Smithers (BC) – Wet’suwet’en women have penned an open-letter to Dr. Bonnie Henry urging British Columbia to designate oil and gas work as non-essential amid Covid outbreaks and cases at LNG Canada and Coastal Gaslink facilities.
“We understand that the province has declared oil and gas work an essential service, however, we strongly encourage you to reconsider,” the open letter states. “The economy cannot come before Indigenous lives.”
43 confirmed cases of Covid 19 have been tied to an LNG Canada facility in Kitimat, while Wet’suwet’en have been informed of 2 confirmed cases of Covid 19, with six individuals in self isolation, at Coastal Gaslink’s Camp 9A on Unist’ot’en yintah (territory). Man camps do not have capacity to isolate all Covid positive workers and send them home to self isolate, where many must cohabitate with elders and other community members.
Wet’suwet’en Chiefs, elders, and members are subject to ongoing surveillance and harassment by Coastal Gaslink’s private security contractors and the RCMP, who in many instances do not wear masks or refuse to observe safe distances when interacting with our community members. Our Chiefs and elders are concerned about contracting the virus from workers on the territory and are limiting their travel on our yintah.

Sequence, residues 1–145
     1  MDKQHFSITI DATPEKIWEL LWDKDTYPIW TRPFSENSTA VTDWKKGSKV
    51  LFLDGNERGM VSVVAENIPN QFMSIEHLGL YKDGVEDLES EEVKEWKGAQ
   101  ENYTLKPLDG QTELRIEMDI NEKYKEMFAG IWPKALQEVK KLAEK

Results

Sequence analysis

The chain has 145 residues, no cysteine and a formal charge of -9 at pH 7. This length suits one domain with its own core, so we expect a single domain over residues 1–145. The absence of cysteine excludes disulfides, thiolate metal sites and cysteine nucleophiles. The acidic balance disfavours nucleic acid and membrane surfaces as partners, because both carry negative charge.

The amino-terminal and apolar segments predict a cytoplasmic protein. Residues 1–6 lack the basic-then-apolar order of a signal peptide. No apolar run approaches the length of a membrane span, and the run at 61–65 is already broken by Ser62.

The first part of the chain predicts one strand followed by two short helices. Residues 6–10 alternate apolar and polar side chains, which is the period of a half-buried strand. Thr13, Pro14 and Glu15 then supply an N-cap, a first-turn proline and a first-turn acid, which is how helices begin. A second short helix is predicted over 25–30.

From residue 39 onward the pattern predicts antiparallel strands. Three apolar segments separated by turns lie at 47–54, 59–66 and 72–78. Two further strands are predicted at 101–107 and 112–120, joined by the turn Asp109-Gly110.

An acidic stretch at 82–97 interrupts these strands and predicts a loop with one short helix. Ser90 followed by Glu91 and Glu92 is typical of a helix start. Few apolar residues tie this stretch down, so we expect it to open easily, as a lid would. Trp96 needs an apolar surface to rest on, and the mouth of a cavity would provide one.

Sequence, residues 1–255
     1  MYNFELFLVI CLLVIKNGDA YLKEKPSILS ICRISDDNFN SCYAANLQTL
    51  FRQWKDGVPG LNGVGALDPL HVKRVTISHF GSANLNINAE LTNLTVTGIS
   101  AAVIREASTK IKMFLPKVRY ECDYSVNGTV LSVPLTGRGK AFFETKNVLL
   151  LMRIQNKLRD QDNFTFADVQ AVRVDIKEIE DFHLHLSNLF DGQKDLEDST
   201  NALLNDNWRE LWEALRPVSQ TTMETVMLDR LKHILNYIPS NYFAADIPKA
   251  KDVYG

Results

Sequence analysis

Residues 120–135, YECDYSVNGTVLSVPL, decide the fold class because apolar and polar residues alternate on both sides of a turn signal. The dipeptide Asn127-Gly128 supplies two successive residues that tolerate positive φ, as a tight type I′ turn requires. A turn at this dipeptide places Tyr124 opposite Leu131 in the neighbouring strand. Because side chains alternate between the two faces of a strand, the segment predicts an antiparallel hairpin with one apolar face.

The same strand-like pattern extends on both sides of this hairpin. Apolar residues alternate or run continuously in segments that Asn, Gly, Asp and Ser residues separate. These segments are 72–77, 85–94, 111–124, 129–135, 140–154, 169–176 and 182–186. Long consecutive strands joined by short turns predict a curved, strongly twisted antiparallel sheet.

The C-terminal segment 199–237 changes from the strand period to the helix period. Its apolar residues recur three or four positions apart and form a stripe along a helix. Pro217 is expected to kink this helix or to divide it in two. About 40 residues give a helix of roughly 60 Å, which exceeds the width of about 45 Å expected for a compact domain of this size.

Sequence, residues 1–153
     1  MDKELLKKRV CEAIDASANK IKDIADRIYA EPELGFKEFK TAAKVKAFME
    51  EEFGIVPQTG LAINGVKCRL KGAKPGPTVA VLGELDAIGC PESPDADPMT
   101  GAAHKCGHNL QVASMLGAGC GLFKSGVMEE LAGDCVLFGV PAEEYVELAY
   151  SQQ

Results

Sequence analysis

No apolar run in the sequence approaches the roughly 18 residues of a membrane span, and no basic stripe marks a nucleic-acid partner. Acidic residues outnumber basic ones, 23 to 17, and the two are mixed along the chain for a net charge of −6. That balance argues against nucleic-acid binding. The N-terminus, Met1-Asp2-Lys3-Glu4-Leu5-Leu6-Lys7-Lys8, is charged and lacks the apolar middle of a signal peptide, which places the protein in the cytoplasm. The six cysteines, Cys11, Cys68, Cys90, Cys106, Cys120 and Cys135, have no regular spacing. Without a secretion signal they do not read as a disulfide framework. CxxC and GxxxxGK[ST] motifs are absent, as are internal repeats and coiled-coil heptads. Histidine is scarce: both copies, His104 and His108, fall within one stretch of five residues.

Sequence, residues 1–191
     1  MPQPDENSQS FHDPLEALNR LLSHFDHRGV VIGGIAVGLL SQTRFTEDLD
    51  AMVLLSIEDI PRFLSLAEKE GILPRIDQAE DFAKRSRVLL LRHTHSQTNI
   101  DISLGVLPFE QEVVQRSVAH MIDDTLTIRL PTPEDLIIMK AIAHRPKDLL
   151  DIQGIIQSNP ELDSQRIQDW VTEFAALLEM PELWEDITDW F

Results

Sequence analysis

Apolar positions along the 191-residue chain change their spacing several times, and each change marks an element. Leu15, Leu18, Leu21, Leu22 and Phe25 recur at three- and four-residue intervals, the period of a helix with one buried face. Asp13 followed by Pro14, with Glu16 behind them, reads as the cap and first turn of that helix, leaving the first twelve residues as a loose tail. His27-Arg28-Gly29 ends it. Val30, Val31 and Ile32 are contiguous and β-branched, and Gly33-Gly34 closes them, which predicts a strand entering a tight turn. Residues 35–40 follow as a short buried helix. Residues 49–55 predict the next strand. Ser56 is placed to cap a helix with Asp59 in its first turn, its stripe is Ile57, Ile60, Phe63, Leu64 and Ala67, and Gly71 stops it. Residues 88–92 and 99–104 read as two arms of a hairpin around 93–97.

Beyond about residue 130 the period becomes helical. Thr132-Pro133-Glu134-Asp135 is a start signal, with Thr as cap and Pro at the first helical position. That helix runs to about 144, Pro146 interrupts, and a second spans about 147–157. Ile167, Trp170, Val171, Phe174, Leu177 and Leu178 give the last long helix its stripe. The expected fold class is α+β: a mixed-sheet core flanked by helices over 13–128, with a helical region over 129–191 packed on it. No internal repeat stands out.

“Making a conscious decision to bring transient workers into our territories and communities is telling us that the economic gain of the province or state is more important than our language and cultures. You are telling us that the economic gain of the province is more important than our lives. Your behaviour and attitude facilitates the states’ genocide of our people and lands.” the letter continues.
Dr. Bonnie Henry was previously urged by Dr. David Bowering, former Chief Medical Health Officer for Northern Health, to “immediately shut down the industrial work camps” early in the pandemic. In a March 28 open letter, he wrote: “The camps are and will be COVID-19 incubators placing the workers, the host communities, and the home communities of the workers at unacceptable risk.”
The Wet’suwet’en women conclude by outlining a path forward and an opportunity for meaningful reconciliation in British Columbia’s pandemic response:
“This pandemic has vastly changed the way society functions. Many of these changes have benefited families, communities and the land. Society had to adjust to new norms. Some have been difficult and others have been welcome. We see this as an opportunity to change the way Indigenous people are treated from less than human and unworthy of protection to the valuable community members that we are.”